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Publication numberUS2454391 A
Publication typeGrant
Publication dateNov 23, 1948
Filing dateSep 23, 1944
Priority dateSep 23, 1944
Publication numberUS 2454391 A, US 2454391A, US-A-2454391, US2454391 A, US2454391A
InventorsJones Albert S, Stackpole Gerald B
Original AssigneeCranston Print Works Co
Export CitationBiBTeX, EndNote, RefMan
External Links: USPTO, USPTO Assignment, Espacenet
Method of producing printed fabrics
US 2454391 A
Abstract  available in
Previous page
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Claims  available in
Description  (OCR text may contain errors)

Patented Nov. 23, 1948 METHOD PRODUCING PRINTED F tBRlt'ls Albert S. Jones, Dudley, and Gerald B. Stackpole, Oxford, Mass., assignors to Cranston Print Works Company, Cranston, R. I., a corporation of Rhode Island No Drawing. Application September 23, 1i), 9

Serial No. 555,595

1 Claim. (Cruz-1'5) This invention relates to .printed fabrics. and methods of producing the same.

A figured weave may be made on a jacquard loom by means of special weaving apparatus comprising a controlling perforated card which causes the warp threads to be lifted in a desired pattern sequence. One object of this invention is to print a monotone fabric of a uniform weave in such a manner as to present a jacquard appearance.

A glazed chintz has been made by coating a printed fabric with a sizing composition compris- A, further object is to provide a simple and economical method of making such fabrics .and which improves, the appearance and gives pleasing andartistic eifects. Other objects will be apparent in the following disclosure.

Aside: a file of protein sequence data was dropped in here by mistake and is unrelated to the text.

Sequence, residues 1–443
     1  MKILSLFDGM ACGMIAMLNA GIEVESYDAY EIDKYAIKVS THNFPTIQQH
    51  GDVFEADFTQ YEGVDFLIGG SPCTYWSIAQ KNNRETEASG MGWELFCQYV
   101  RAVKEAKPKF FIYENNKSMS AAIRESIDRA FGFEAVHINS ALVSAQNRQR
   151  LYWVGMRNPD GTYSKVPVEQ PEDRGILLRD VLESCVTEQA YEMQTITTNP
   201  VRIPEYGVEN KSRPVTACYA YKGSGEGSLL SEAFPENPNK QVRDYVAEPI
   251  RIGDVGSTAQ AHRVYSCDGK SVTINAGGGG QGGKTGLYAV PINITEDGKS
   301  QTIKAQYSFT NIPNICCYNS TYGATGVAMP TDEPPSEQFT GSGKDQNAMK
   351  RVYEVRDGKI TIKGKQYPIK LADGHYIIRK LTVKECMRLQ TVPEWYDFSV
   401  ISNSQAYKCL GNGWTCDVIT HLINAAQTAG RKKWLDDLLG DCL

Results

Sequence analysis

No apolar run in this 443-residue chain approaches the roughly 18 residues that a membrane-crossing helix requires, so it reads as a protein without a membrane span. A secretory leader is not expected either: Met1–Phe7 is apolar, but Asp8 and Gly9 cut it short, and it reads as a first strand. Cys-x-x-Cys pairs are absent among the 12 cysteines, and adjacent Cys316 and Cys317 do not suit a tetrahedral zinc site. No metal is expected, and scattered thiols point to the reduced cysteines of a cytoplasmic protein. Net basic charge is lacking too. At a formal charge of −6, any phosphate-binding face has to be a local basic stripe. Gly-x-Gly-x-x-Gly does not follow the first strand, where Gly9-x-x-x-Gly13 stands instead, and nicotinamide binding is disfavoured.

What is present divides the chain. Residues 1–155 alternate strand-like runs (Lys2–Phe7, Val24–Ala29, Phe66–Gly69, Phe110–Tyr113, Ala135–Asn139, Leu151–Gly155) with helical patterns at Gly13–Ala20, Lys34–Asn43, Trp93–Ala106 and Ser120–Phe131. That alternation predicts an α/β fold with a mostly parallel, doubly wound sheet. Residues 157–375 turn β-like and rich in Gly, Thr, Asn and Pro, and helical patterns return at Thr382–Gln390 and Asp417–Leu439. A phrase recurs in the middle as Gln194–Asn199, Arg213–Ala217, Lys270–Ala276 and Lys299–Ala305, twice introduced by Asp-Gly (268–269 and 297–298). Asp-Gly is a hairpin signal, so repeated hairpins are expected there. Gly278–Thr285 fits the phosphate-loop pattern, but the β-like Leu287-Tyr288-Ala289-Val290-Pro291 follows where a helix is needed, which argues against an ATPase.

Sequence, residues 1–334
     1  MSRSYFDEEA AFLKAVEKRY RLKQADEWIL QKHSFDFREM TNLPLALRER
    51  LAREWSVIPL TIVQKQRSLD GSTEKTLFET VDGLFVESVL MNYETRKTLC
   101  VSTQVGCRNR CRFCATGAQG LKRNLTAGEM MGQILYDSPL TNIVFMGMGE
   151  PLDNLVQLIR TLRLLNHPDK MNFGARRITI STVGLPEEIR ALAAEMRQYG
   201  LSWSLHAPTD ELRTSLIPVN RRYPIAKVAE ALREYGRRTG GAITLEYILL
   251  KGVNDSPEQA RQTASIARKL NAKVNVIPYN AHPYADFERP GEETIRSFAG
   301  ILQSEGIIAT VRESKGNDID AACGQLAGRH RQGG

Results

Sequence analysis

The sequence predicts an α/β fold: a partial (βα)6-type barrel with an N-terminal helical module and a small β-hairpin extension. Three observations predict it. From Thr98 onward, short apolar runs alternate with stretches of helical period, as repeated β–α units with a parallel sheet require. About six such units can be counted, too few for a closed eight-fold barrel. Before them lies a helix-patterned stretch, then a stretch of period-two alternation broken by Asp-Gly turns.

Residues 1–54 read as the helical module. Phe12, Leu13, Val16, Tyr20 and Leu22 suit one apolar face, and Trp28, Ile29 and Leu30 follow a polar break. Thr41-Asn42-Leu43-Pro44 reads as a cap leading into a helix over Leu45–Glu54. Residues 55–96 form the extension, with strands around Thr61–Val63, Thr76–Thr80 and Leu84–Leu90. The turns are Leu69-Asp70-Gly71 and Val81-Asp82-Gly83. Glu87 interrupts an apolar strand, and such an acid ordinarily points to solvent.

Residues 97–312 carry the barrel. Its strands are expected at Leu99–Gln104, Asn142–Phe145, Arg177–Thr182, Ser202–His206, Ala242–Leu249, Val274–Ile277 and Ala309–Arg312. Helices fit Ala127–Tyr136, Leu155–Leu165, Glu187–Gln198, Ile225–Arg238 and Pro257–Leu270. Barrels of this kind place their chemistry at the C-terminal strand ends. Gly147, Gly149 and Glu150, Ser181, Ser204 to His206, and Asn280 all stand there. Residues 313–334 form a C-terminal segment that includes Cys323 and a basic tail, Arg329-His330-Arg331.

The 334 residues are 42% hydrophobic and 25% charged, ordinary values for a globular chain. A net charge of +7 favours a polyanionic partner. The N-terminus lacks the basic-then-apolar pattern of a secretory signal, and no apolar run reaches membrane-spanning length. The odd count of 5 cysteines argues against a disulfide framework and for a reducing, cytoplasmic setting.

' In accordance with this invention, we propose to print designs on fabric by means of a printing mg a synthetic resin. The sizing has been applied by a spraying or brushing operation or by immersing the fabric in the sizing. The depth of penetration has been limited by a preliminary calendering step and by incorporating fillers and repellents in the fabric; so that the sizinghas appeared largely as a thin coating. After the resin has been hardened by heat treatment, various expedient-s have been employed to render the cloth more pliable; nevertheless, the product has had only a limited field of utility. Also, it has been proposed to make a glazed pattern effect by printing a fabric with a solution of urea formaldehyde resin, then glaze calendaring the fabric while wet and finally heat hardening the resin. In this procedure, the printed fabric'must be calendered while the imprint is moist, since the dry resin would be polymerized too quickly and the desired glazed eifect-could not be produced. Yet, the wet resin tends .to' stick to the hot roll and to smear over the fabric or to mark off or reprint on another portion of the fabric and thus defeat the .purpose of the process.